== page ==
Now, we know from that story there was another side of the coin, Robin Hood. A rebel, thief, vigilante, and bandit, but he stood for something greater than the law. He STOLE from the rich and gave to the poor. Was he legally right to do so? Hell no, but it was the right and moral thing to do. Did Robin Hood probably have a few “merry men” who were probably less than merry and possibly more violent or extreme? Most likely. So where does that leave us today?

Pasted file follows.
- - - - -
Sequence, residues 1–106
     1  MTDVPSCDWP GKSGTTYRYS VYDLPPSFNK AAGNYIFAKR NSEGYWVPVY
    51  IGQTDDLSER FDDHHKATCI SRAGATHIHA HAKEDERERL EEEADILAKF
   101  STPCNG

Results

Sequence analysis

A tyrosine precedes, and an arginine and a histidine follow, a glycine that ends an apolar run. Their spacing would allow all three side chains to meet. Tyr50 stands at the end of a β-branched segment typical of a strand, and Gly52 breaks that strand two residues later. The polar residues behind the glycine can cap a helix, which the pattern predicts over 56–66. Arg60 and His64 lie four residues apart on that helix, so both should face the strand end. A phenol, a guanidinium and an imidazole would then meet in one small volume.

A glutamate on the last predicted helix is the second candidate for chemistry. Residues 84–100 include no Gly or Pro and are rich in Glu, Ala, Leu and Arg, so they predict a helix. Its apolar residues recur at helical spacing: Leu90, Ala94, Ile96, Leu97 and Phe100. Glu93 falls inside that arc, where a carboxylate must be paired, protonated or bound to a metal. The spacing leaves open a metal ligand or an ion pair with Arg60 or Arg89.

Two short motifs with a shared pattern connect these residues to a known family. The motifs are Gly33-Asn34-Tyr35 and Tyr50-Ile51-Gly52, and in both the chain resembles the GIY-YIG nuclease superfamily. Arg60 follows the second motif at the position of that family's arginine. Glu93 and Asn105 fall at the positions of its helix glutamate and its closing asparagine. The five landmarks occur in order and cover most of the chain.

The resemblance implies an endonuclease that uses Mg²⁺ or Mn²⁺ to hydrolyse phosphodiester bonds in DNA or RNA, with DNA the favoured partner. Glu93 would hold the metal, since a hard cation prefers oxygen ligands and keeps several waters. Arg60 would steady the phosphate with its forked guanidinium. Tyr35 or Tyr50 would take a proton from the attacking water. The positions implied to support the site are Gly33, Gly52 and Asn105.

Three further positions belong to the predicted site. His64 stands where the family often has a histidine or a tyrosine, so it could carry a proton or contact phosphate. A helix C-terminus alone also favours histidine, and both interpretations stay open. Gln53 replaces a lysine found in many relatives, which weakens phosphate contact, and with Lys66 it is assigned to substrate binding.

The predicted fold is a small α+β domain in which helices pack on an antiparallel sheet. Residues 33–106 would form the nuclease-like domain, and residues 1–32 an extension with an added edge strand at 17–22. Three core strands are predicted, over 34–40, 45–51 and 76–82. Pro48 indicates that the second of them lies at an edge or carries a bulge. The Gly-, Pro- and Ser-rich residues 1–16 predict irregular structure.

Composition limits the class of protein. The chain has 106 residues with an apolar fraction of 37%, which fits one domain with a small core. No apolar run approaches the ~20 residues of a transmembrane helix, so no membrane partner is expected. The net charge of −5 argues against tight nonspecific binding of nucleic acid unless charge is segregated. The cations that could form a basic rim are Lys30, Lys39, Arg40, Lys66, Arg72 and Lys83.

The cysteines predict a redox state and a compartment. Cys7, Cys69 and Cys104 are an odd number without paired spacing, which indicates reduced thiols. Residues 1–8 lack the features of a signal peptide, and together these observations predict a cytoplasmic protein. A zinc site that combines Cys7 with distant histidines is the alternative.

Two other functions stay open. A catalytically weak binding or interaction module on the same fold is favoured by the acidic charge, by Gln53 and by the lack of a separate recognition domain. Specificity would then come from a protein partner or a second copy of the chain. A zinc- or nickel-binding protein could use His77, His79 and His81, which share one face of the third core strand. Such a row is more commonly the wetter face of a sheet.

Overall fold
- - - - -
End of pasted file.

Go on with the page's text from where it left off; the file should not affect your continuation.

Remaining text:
The internet is that rebel, the uncaged and untamed dragon that has shifted the balance since its creation. In a world of corporate greed and gluttony, the internet has been the great unstoppable force that has caused those in power to realize they are not gods after all. No longer can someone be threatened into silence or censorship without a backlash. If anything, the internet and social media have proven the more you try to hide something or stop it, the greater the volume and viral spread of that thing you’re trying to stop or hide.